Market Briefing: Directional position-taking fades into central bank decisions
North American equity futures are setting up for a mixed open, Treasury yields are ticking lower, and the dollar is steady as market participants remain sidelined before decisions from the Federal Reserve and European Central Bank later in the week.
The Australian dollar was the clear outperformer in currency markets overnight, up almost a full percentage point against the greenback after central bankers delivered a surprise interest rate hike. The Reserve Bank of Australia unexpectedly increased its cash rate target to 3.85 percent and said “some further tightening of monetary policy may be required to ensure that inflation returns to target in a reasonable timeframe”. The move - coming after most market participants had factored in a long pause - suggests that the perceived downside risks associated with continuing the fight against inflation have diminished somewhat over the last month, making growth tradeoffs more palatable.
The hike should act as a warning for those market participants who are betting on global rate cuts in the latter half of the year, but we’re not sure whether there’s a clear read-across from the Australian central bank to other majors in the short term - the Bank of England, European Central Bank, and Federal Reserve are all expected to follow through on consistently-hawkish messaging in the next few decisions anyway. There might, however, be a parallel in Canada, where economic slack remains minimal and price pressures are still running well above target. A surprise rate hike from the Bank of Canada in the months ahead cannot be ruled out.
Core inflation in the euro area slowed last month, making a downshift at Thursday’s European Central Bank meeting more likely. With highly-volatile food and energy costs excluded, consumer prices climbed 5.6 percent year over year in April, down from 5.7 percent in the prior month. The data come after a lending survey showed credit standards “tightened further substantially” and net loan demand from European firms declined by the most since the global financial crisis in the first quarter, helping magnify the impact of prior rate hikes, and lessening the need for another half-point move. Markets expect a quarter-point hike on Thursday, paired with messaging that points to at least two more in the months to come as the central bank catches up with its global counterparts.
The Job Openings and Labor Turnover Survey for March, out at 10 am, is expected to show the number of vacant positions falling to 9.7 million in March from 9.9 in the prior month. Underlying demand for workers has remained strong even as the country’s largest businesses have pivoted from complaining about labour shortages to announcing job cuts on earnings calls. The Quits rate is likely to remain far above pre-pandemic levels.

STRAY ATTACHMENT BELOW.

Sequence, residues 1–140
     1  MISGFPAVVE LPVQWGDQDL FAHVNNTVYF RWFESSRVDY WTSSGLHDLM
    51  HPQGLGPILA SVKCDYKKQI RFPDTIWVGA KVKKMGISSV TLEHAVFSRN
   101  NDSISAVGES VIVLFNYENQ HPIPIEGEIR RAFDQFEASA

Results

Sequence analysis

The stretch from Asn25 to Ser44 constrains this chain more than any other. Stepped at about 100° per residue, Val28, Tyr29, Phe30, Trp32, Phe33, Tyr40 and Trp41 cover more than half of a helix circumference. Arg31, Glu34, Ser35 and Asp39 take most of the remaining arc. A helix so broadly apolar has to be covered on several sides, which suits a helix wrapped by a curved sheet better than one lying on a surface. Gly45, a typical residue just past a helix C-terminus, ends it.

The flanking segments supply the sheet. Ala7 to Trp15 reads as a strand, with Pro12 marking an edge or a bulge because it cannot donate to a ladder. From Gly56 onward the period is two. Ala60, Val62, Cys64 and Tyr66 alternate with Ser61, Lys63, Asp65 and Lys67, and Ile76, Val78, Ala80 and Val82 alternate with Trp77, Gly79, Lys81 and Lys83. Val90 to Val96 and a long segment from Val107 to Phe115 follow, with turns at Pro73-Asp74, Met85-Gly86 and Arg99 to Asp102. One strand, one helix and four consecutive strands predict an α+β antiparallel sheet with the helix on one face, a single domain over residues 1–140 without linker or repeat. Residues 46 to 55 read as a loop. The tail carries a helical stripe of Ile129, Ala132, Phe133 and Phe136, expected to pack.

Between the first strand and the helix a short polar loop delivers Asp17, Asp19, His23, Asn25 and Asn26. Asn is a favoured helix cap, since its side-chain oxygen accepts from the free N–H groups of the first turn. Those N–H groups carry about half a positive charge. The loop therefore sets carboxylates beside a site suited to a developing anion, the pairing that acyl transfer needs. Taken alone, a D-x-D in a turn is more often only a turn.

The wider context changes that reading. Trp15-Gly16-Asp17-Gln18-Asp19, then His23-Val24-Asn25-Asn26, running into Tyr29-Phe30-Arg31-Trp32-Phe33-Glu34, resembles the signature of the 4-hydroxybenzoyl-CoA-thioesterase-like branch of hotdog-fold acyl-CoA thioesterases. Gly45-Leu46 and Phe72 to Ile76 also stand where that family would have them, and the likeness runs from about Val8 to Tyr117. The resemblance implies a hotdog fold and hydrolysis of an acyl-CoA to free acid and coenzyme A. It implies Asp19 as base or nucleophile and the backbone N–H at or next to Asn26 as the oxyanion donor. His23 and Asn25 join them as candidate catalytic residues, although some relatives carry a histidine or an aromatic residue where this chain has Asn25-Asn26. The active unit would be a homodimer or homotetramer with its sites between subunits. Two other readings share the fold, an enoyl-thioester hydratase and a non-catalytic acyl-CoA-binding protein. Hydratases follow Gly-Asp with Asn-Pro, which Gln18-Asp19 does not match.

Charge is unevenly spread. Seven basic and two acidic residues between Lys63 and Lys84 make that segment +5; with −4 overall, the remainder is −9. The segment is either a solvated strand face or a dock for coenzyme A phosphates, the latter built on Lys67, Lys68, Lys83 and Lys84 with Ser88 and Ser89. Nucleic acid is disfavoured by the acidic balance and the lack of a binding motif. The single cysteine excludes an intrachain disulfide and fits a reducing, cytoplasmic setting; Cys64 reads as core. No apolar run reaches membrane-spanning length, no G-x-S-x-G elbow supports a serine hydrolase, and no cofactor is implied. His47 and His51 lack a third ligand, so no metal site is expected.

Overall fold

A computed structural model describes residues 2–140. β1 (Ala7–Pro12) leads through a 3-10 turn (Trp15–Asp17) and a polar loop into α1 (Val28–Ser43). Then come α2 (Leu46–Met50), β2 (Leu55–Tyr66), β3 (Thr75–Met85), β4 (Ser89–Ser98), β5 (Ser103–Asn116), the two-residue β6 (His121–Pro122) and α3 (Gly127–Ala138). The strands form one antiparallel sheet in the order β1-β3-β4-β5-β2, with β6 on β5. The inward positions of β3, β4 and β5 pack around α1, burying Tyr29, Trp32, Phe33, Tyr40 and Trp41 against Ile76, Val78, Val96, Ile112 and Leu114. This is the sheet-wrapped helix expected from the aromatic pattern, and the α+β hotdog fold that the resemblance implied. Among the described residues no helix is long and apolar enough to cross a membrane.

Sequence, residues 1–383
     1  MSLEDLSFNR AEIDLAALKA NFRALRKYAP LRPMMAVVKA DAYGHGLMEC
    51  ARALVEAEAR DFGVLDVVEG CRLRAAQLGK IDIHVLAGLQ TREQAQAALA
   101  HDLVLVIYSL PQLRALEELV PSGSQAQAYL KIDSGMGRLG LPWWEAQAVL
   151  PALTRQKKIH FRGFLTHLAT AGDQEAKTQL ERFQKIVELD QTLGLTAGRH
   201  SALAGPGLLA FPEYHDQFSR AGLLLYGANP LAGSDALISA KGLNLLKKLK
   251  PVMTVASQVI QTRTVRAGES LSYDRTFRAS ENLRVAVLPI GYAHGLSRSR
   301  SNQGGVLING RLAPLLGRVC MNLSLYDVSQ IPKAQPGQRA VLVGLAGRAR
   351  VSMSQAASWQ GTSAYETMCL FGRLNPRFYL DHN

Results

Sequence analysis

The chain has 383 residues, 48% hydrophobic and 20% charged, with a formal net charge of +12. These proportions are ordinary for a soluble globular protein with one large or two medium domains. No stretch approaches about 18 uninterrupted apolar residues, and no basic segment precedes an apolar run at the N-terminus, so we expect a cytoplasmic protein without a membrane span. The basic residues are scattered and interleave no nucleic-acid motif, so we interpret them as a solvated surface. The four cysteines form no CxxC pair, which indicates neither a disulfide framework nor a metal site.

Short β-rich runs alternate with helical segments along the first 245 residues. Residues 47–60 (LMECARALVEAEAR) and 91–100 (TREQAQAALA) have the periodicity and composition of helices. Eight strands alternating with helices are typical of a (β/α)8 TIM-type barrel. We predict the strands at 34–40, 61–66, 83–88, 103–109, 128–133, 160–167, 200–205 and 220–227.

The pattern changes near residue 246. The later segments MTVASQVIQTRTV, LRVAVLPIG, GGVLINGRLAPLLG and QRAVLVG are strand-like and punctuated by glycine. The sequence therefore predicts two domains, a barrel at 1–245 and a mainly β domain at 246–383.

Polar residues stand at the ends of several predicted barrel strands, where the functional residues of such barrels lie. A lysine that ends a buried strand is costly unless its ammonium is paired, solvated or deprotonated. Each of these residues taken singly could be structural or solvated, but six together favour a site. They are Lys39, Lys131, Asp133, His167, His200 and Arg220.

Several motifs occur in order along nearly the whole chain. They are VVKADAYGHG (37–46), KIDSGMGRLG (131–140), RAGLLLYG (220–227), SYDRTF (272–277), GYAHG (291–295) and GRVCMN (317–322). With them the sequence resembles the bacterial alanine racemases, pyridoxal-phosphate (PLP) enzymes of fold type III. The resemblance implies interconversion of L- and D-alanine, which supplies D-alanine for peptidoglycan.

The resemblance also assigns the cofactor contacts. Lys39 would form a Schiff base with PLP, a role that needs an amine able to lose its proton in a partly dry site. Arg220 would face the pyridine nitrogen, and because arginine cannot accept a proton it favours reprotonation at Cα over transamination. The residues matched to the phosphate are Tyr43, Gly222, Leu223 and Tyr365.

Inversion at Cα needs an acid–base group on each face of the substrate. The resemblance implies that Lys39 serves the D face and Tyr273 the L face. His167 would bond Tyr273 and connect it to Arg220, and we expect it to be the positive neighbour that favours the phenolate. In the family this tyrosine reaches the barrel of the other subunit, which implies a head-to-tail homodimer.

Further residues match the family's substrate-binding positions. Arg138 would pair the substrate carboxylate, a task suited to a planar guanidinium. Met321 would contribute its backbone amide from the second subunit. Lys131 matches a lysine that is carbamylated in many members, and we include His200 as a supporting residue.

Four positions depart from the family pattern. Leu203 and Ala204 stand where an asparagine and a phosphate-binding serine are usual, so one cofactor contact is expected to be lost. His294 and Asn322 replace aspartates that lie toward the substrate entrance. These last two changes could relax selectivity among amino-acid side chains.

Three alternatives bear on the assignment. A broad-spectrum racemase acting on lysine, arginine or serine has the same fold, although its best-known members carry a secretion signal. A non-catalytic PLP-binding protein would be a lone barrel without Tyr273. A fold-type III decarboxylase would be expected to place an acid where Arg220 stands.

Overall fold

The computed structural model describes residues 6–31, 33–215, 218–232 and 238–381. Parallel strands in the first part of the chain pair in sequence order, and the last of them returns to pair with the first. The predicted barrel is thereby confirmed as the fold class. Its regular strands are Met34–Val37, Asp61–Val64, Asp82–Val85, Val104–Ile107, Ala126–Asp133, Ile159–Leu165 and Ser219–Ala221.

Data released at the same time could show factory orders climbing 1.3 percent from April, lining up with previously-reported strength in sentiment across the manufacturing sector - but yesterday’s drop in the new-orders component of the Institute for Supply Management’s index could portend some weakness.
Overall stress measures continue to trend lower even after yesterday’s debt ceiling warning from Treasury Secretary Janet Yellen, suggesting that market participants remain convinced an 11th-hour resolution will avoid default. Reaction in currency markets has been practically non-existent thus far, and the volatility surface is showing no signs of kinking around the June-to-July time period. House Speaker Kevin McCarthy has reportedly agreed to meet with Joe Biden to discuss the issue next Tuesday.
We remain convinced that tomorrow’s Fed decision - likely to feature a quarter-point rate hike and some hawkishly-biased pause-and-hold messaging from Chair Powell - is almost fully priced into financial markets, with Friday’s non-farm payrolls report looming as the most meaningful potential volatility catalyst on the week’s calendar. We could be wrong though - last week’s Bank of Japan decision, in which Governor Ueda articulated a widely-anticipated steady-as-she-goes message, seems to have shaken investors, and has led to a sustained drop in the yen.
KARL SCHAMOTTA, CHIEF MARKET STRATEGIST
USD Job Openings and Labor Turnover Survey, March
EUR Unemployment Rate, March
USD ADP Employment Change, April
USD S&P Global US Composite Purchasing Manager Index, April Final
USD Department of Energy Weekly Inventories
USD Federal Reserve Rate Decision
USD Federal Reserve Press Conference
BRL Central Bank of Brazil Rate Decision
CNY Caixin China Purchasing Manager Index Composite, April
EUR S&P Global Eurozone Composite Purchasing Manager Index, April Final
EUR European Central Bank Rate Decision
USD Weekly Jobless Claims
USD Trade Balance, March
EUR European Central Bank Press Conference
AUD Reserve Bank of Australia, Statement on Monetary Policy
USD Non-Farm Payrolls, April
CAD Employment, April
USD Baker Hughes Weekly Rig Count